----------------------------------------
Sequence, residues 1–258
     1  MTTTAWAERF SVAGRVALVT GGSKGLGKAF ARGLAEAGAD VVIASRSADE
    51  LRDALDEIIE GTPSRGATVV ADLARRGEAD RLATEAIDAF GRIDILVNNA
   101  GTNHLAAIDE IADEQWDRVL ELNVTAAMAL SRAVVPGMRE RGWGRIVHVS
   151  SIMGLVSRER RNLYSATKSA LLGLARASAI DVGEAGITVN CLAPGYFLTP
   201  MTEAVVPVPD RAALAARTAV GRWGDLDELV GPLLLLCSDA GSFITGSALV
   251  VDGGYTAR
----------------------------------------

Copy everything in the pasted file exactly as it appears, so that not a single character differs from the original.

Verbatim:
Sequence, residues 1–258
     1  MTTTAWAERF SVAGRVALVT GGSKGLGKAF ARGLAEAGAD VVIASRSADE
    51  LRDALDEIIE GTPSRGATVV ADLARRGEAD RLATEAIDAF GRIDILVNNA
   101  GTNHLAAIDE IADEQWDRVL ELNVTAAMAL SRAVVPGMRE RGWGRIVHVS
   151  SIMGLVSRER RNLYSATKSA LLGLARASAI DVGEAGITVN CLAPGYFLTP
   201  MTEAVVPVPD RAALAARTAV GRWGDLDELV GPLLLLCSDA GSFITGSALV
   251  VDGGYTAR